diy project: clothespin mirror


I love clothespins; they’re one of the few simple tools with a design that hasn’t needed improvement. Inspired by the starburst mirrors from Ballard Designs, D*S reader Diane Henkler decided to create a similar style using wooden clothespins, which she then customized in a number of different ways. Anyone looking for a super-easy weekend project or something to try with the kids should check this out. Thanks for sharing, Diane! — Kate

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CLICK HERE for the full how-to after the jump!

When an idea like this pops into my head, I have to try it out. Sometimes they don’t work, but I love to experiment. The steps for the project are the same no matter what size mirror you use — the larger the mirror, the more clothespins needed. I used a 5-inch diameter mirror that I bought at the craft store. The clothespins are from the dollar store. The total cost for making my mirror was under $5.00. I also made one that I spray-painted gold to resemble the catalog version. And I added decorative paper to the clothespins and made a colorful one. — Diane

Materials

  • wood spring-loaded clothespins
  • round mirror
  • hot-glue gun and glue sticks
  • ribbon or picture hanger
  • (Optional — To make the painted or colorful mirror: gold spray paint, scrapbook paper and a glue stick)

Instructions

1. Clip clothespins around the mirror to ensure even spacing before gluing them on. Place a can, plate or round object on the center of the mirror. This will keep the clothespins aligned evenly along the edge of the mirror.

2. Once you are happy with the placement, start hot-gluing the clothespins to the mirror. Open the clothespin and put a dab of hot glue onto the small flat section as shown. Open and close the clothespin a few times so the glue gets on both sides, and then attach it to the mirror.

3. Repeat for each clothespin, and then remove the can.

4. To hang:

To hang with ribbon: Put one clothespin aside before gluing onto the mirror. Open the clothespin and put the center of your length of ribbon right up against the hinge and then close. Attach the clothespin to the mirror the same way as the others and let the glue dry. Tie the ends of the ribbon into a knot or bow and hang over a nail.

To hang without ribbon: Hot-glue a picture-hanging hook to the back of the mirror.

Spray-Painted Version: Spray clothespins in desired color before attaching to the mirror.

Colorful Version: Cut scrapbook paper to the size of a clothespin, and then use a glue stick to attach.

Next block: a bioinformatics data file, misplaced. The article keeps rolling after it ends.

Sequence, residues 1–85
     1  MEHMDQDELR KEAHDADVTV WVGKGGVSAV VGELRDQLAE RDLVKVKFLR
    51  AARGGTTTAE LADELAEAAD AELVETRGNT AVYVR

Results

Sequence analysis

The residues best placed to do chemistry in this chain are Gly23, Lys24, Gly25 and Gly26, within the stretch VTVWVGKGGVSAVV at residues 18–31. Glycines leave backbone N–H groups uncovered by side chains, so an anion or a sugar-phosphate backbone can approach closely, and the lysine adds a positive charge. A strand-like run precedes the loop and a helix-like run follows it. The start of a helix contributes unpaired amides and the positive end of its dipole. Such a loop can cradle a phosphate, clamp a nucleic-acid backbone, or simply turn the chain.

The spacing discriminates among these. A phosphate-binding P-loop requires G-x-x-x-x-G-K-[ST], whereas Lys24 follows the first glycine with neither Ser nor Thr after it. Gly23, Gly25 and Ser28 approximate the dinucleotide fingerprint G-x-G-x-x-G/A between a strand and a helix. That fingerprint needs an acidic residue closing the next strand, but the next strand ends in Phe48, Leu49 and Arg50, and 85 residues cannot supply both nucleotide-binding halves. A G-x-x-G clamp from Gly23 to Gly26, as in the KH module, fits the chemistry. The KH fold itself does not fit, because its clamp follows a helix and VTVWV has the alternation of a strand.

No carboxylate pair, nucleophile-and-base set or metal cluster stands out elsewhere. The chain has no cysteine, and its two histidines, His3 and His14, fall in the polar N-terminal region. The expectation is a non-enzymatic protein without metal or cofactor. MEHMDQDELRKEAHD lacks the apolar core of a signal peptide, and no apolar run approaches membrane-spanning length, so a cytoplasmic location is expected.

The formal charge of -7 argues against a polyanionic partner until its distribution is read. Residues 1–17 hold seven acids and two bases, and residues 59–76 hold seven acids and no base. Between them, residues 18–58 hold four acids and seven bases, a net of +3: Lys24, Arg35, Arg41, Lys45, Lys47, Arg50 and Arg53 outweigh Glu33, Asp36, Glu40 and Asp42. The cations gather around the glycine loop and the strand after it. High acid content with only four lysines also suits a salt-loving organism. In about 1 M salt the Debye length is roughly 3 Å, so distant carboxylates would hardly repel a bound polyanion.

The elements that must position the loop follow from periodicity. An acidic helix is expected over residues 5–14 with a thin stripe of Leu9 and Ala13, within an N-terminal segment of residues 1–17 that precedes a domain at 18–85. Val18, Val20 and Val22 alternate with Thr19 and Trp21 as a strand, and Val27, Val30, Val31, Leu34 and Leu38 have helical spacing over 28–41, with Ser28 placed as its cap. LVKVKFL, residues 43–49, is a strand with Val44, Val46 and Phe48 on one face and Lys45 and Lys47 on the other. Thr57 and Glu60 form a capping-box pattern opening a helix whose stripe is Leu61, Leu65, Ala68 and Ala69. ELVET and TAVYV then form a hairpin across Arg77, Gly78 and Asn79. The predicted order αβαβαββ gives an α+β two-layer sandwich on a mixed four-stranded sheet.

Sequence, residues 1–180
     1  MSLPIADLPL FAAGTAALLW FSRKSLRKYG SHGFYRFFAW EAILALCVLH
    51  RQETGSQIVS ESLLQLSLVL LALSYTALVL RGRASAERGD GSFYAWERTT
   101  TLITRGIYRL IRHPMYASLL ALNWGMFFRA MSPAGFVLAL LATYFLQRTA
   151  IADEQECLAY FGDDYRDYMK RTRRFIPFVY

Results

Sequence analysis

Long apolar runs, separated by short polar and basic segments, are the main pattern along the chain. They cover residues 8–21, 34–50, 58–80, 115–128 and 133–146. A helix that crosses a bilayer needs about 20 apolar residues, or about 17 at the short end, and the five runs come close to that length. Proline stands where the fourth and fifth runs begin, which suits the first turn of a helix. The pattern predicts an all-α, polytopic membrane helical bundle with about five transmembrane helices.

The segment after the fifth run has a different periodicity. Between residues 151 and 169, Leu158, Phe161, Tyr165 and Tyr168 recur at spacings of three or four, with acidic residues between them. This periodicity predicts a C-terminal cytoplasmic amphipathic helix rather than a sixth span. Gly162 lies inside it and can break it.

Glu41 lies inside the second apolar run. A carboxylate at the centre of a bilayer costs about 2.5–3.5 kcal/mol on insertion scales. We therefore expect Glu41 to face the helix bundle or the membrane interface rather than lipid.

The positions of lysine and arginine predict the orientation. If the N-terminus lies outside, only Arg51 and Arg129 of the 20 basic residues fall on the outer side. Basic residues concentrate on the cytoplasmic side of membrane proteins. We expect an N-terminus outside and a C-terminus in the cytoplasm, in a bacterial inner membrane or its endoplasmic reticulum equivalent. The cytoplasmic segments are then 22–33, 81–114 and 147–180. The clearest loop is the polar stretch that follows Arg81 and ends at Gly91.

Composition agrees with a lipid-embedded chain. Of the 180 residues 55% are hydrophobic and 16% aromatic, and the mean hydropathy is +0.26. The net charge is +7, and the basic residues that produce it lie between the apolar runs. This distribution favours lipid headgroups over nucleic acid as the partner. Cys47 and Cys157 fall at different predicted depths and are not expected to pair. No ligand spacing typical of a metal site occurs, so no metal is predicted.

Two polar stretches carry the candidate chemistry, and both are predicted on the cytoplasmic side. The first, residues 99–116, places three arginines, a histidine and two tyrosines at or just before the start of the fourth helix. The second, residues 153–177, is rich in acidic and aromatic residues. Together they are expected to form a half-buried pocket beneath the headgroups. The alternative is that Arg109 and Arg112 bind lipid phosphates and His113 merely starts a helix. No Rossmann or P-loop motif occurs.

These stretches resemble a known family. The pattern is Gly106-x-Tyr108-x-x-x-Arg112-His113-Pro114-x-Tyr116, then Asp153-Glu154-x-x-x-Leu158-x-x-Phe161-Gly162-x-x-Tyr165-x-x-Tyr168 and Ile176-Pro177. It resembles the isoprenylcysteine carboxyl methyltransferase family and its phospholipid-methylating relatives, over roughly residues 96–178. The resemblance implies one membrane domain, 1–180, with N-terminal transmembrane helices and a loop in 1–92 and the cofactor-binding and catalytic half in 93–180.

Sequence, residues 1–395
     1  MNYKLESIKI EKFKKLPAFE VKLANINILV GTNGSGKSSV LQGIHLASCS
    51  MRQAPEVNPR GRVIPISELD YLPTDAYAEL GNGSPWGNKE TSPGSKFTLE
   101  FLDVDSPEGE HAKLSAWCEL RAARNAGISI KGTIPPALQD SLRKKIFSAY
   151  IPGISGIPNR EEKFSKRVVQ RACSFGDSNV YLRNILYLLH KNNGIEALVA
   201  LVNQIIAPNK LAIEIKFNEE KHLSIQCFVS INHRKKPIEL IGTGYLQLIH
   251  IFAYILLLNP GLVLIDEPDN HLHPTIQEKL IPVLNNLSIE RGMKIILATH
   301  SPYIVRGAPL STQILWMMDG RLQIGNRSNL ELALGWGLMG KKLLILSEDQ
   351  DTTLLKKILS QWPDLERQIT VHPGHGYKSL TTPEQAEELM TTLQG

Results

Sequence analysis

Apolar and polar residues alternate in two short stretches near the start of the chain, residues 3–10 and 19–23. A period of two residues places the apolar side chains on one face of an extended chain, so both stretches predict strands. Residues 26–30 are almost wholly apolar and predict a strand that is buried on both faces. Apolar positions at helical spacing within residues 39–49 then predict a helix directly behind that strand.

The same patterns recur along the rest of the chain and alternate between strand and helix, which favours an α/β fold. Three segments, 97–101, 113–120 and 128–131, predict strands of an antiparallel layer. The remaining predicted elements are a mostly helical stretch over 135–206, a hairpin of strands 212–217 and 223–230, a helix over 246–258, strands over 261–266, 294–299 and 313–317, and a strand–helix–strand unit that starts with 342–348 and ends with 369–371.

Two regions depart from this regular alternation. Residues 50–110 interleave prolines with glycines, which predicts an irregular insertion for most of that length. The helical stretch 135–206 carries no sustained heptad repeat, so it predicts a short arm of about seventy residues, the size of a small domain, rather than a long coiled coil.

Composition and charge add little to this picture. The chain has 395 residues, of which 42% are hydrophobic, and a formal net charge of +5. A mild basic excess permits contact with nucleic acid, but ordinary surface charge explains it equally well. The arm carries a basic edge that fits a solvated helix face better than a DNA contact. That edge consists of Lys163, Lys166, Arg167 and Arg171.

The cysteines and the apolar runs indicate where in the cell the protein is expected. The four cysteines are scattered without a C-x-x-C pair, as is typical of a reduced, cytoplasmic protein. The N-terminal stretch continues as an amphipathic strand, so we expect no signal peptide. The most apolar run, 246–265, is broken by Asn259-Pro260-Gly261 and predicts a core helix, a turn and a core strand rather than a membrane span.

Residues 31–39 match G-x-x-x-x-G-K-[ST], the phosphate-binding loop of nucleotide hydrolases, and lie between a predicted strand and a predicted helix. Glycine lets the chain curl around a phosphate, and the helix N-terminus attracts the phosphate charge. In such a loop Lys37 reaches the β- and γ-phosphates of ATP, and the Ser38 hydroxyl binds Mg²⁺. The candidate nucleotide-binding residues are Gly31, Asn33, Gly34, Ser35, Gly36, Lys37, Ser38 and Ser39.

susy

I am going to do this. It’s about time I paid homage to the mighty clothespin around here. I feel like my business almost exists thanks to them! : ) This is great!

Susana

cutest kitsch I’ve seen in ages!

I love that you can even paint them to make them seasonal, black for Halloween, red/green for Xmas and so

Biscuit

I love any project that allows me to use metallic spray paint! It’s so cheap and easy but it looks super classy! I love it! =)

Anna

This is one of the best ideas I have seen – thanks!!!

allison

I love this idea for my laundry room! Maybe spray paint them gold for a little bit of fun laundry room glam :)

Holly

Spray the clothespins in bright pink, and you have a great wall dec for a little girl’s room.

lisa lynn

I am inspired to make a picture frame using this idea. Thanks!

Jenée

I’m a big fan of the DIY projects on this site but this one looks like something a little kid would make in school for mother’s day. Kinda surprised so many people like it.

Laura

100% agreed, jenee. it’s a bit too crafty looking for me.

Angela

I love it! I think I prefer the natural wooden texture to the gold paint though.

Bella

What a simple but great project! I can’t wait to buy the materials to make this chic little mirror! Love it! Thanks for sharing!

Norine

I have even more to say about this project. I think it is the perfect DIY project, in that it is so easy it inspires people (like me) who do not normally get out glue guns to give it a try. I bought sunburst mirrors for my dining room and needed something for other walls at a very low cost and my immediate thought was why not try that? It could be super fun and if it looks too kitschy I am not out too much. Its the sort of project that would be fun to do with kids or girlfriends too. So kudos to the DS reader who was brave enough to submit her work and to Kate, who does a great job of bringing a wide variety of projects together.

Sarah

I too, am suprised this made it onto the site.

Cameron

What a great idea! I am always looking for foolproof DIY projects and this seems perfect for someone like me who is somewhat artistically challenged.

yolanda

hi, I’m from Ecuador, I like very much your ideas, but a don’t understand all the vocabulary, do you have a traductor of this????

grace

Yolanda – I’m afraid we don’t have a translated version but if you view this page through Google’s web translator you can select your language of choice and it will translate for you :)

Grace

Abba

I just made this mirror, and I must say I am very proud of myself. I did use a bigger mirror, so a tuna can couldn’t really help me, but i did find a clock that was almost big enough. Either way, it was really easy to make, so i’ll be making them in all different kinds of colors!!

Grace

Hi, this is a perfect DIY activity! How long does this take?

Joyce

I do like the project. I use my clothes pins and sometimes they are missed placed. How can I make it and still use the clothes pins.

karen wilburn

I love this idea! I think it would be cute in bright colors placed on wall like flowers in a little girls room. I don’t have much money to make diy projects with, but this is very do-able and people like me think you are very creative, KUDO’S!!!

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